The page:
It was not only for the needs of the body that this watchful mother was so vigilant; more than all she took thought for the training of the soul, and she began by feeding her children's minds with the pure teaching of the faith. She could neither read nor write, but she knew all the catechism by heart, and Scripture history and the life of our Lord as well. From her memory all this living doctrine, patiently doled out, was passed on into the minds of her boys. She might have found some excuse in her daily care for handing over this work to the zeal of the curé of Castelnuovo; but in Italy, at that time, the catechizing of children took place only in Lent, and that meant for these children walking more than six miles a day; she preferred to teach them herself everything she knew, trusting to her work being checked or completed by the curé of the parish.

Image:  The Grace by Franz by Defregger

Image: The Grace by Franz by Defregger

This early Christian teaching, falling from his mother's lips, explains much in the harassed childhood of little John Bosco. It explains, in short, why the bitter poverty, the hard work, the ill-tempered jealousy of a cloddish half-brother did not warp the mind and destroy the spirit of this brilliant, dedicated, game little boy whom God had destined to be a great shepherd of souls.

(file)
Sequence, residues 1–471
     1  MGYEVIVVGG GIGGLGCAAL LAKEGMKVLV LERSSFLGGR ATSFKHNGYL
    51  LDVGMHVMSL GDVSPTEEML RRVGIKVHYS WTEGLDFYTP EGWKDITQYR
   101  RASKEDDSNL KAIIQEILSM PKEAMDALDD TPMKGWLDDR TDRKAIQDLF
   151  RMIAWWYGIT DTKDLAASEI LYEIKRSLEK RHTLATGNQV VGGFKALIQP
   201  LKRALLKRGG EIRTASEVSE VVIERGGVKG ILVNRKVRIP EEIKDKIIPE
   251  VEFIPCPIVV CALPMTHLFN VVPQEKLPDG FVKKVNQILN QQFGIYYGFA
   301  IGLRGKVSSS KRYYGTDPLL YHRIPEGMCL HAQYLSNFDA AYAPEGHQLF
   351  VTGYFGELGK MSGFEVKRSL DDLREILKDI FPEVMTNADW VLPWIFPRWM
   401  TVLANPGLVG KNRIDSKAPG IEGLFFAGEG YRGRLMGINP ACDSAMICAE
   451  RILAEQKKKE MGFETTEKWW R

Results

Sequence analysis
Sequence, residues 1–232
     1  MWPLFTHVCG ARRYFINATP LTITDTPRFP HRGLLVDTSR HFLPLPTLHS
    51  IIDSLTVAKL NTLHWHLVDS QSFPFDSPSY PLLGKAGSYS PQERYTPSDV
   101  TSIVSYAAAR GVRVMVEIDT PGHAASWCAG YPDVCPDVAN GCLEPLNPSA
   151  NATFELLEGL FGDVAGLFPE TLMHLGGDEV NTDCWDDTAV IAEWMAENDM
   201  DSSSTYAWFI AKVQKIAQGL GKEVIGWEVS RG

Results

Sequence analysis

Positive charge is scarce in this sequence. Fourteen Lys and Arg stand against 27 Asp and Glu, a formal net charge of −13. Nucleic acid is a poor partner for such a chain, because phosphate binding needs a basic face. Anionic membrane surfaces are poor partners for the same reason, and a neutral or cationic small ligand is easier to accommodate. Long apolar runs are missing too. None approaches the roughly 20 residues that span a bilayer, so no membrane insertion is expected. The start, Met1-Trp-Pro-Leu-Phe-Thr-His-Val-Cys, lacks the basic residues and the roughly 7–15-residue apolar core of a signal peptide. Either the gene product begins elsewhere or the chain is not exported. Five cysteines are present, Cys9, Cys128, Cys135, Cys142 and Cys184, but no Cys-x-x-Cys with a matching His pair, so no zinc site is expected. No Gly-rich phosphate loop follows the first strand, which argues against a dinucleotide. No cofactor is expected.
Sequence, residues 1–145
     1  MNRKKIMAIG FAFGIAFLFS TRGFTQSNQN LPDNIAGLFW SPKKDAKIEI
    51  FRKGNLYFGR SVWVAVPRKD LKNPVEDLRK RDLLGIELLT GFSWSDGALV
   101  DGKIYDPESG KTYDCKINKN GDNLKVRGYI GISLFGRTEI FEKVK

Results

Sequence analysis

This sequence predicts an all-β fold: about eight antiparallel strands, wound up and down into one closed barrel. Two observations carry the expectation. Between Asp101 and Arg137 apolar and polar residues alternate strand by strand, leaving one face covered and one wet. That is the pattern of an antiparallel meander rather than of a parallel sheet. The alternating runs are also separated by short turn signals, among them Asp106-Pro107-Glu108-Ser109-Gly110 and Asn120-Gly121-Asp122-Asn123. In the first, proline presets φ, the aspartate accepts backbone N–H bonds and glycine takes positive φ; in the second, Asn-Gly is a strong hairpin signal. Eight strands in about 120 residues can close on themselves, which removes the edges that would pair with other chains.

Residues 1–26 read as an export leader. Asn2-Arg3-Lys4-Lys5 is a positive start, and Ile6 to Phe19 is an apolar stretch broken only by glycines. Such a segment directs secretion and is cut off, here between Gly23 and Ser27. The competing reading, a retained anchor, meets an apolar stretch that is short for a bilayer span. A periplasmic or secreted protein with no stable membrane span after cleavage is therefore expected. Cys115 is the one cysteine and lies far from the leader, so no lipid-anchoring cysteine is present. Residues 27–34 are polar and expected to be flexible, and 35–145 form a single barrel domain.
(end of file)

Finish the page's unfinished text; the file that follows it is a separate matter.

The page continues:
Margaret Bosco, Assunta Goretti, Charles and Brigid Savio (not illiterate, but simple people) cancel out our excuses. God did not make a mistake when He left the teaching of the little ones to the parents instead of the scholars. It might be said, with all due respect, that the scholars know too much to teach them, for small children learn best truths that are simply taught in the language of their daily lives by means of the love of their parents. Like Margaret Bosco, we have the catechism, Holy Scripture and, in the Gospels, the life of our Lord. Unlike Margaret Bosco, we can read. "She might have found some excuse in her daily cares for handing over this work." But she did not. "She preferred to teach them herself—everything she knew."